Manurewa Police and the New Zealand Banker’s Association are warning householders about a recent spate of thefts of handbags from homes.
Offenders tend to target addresses where residents are on the property gardening or hanging out washing but have left front doors unlocked or open.
Offenders enter the home to steal handbags and/or contents then come up with convincing schemes to get victims to divulge PIN numbers.
Banks will never ask you by telephone or email for your secure banking information like PIN numbers, account or credit card details or passwords.
The most recent incident in the suburb occurred on Tuesday in The Gardens. A woman in her 70s was outside gardening when she noticed a female enter her house uninvited.
When she confronted the visitor she told the victim she had run into the house chasing after an offender who had stolen the victim’s purse. The stranger pretended to call Police for the victim...and the bank. When she did the latter, she persuaded the victim to give out her pin number so she could "relay it to the bank".
The female then distracted the victim before leaving the property. Within half an hour she had stolen $3,000 from the victim’s bank accounts. Later that night further attempts were made to access the account.
The best advice, say Manurewa Police is to lock your front door or garage if you’re outside in the garden or, for whatever reason you can’t see who might be accessing your property while you’re busy on a different level of the house.
Callers purporting to be from your bank may sound very convincing but it pays to err on the side of caution. Don’t give out your personal details over the ’phone - to anyone. If you have concerns, call your bank directly and seek advice about the call you’ve had.
Some helpful safety tips:
• Know your bank telephone numbers and have them written in a handy place.
You can get these from your phone book or the bank internet sites.
• If someone knows your PIN, contact your bank immediately.
• Treat your cards like cash.
• Always sign your new banking or credit card as soon as you get it.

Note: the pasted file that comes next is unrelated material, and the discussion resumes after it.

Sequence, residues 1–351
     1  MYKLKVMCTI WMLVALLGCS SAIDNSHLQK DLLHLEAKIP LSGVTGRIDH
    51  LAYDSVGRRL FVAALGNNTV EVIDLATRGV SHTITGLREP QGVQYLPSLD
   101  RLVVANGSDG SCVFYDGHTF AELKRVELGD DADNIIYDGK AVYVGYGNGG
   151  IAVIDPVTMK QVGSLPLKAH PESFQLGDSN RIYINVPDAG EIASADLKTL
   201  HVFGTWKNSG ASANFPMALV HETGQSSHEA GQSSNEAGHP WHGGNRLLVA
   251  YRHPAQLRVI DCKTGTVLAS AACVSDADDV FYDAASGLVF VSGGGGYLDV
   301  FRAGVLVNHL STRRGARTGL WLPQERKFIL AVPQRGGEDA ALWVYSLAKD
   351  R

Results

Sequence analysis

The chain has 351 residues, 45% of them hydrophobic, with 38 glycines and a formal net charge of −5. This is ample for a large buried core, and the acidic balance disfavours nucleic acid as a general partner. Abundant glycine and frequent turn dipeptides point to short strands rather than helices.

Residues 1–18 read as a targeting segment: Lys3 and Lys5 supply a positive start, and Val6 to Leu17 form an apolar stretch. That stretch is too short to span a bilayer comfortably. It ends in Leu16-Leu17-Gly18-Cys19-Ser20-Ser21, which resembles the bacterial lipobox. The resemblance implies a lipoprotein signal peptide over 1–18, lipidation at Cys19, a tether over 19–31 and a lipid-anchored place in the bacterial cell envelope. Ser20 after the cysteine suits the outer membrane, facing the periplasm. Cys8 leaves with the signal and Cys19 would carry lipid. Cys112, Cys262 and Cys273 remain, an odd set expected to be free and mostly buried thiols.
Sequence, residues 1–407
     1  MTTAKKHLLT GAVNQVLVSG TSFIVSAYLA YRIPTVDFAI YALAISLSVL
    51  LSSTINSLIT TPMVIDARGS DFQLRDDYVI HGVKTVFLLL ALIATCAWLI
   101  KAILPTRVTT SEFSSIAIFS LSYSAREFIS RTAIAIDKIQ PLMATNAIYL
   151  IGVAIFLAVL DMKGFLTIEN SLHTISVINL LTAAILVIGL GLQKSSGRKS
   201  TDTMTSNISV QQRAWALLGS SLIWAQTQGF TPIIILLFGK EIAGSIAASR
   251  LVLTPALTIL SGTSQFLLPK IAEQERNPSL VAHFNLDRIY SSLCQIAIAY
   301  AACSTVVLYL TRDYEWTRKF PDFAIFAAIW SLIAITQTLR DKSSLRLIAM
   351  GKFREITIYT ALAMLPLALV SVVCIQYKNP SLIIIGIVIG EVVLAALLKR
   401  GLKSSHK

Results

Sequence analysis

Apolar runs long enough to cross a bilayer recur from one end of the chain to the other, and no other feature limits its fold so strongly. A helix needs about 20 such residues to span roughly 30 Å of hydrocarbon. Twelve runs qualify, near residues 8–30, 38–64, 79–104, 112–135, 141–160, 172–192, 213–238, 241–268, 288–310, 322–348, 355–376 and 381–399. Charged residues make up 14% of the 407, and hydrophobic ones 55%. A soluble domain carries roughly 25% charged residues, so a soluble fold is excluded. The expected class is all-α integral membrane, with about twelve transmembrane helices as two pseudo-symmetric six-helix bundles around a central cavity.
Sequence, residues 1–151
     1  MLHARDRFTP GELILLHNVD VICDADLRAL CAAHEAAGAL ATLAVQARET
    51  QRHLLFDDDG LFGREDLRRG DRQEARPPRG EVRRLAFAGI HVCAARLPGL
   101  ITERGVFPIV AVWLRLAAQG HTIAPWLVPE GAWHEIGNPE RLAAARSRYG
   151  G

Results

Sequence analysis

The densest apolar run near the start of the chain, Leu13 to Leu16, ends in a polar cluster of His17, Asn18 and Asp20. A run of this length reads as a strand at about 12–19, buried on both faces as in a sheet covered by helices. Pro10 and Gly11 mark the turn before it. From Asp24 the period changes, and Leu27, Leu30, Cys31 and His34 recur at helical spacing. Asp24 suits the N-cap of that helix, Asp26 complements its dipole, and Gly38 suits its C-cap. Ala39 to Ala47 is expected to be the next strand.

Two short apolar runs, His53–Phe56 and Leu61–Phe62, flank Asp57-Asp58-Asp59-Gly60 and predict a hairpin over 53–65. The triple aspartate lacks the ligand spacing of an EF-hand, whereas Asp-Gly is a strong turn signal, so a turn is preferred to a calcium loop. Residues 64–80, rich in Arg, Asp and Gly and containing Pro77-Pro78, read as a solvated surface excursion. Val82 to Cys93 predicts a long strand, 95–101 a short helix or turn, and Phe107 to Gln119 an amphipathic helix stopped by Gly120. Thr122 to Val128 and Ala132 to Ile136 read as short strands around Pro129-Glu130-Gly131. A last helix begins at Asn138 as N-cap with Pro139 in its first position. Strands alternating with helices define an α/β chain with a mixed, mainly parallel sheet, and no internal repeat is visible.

• Check your bank statements regularly to make sure they match the
transactions you made.
• Never share, write down or tell anyone your PIN number, access codes or
• If you haven’t automatically received a reissued credit card before the
current one expires, contact your bank immediately.
• Be wary of anyone offering to help - especially if your card has just
been retained (eaten) by the ATM.
• When entering your PIN number at ATMs and EFTPOS terminals, shield the
PIN pad with your other hand. Criminals may ‘skim’ your card details by attaching a device to the card reader, and then ‘shoulder surf’ or use hidden cameras to record your PIN
• If your card has been retained by an ATM, go to the nearest branch or
call your bank immediately. Most banks have an 0800 number for these types of incidents. Make sure you know it.
• Remember, Police and bank staff will never contact you directly asking
you to confirm your PIN, online access code, online password or Netcode token serial number.
If you receive a call from someone like this, please call Police immediately.
If you have caller ID, take a note of the number calling you.
If you have any information in relation to these crimes or you think you know who the people pictured are, please call Sergeant Benny Ostler, Manurewa Police, Carla Thomas on 021 36 35 35 Crime Stoppers anonymously on 0800 555 111.
Source: New Zealand Police.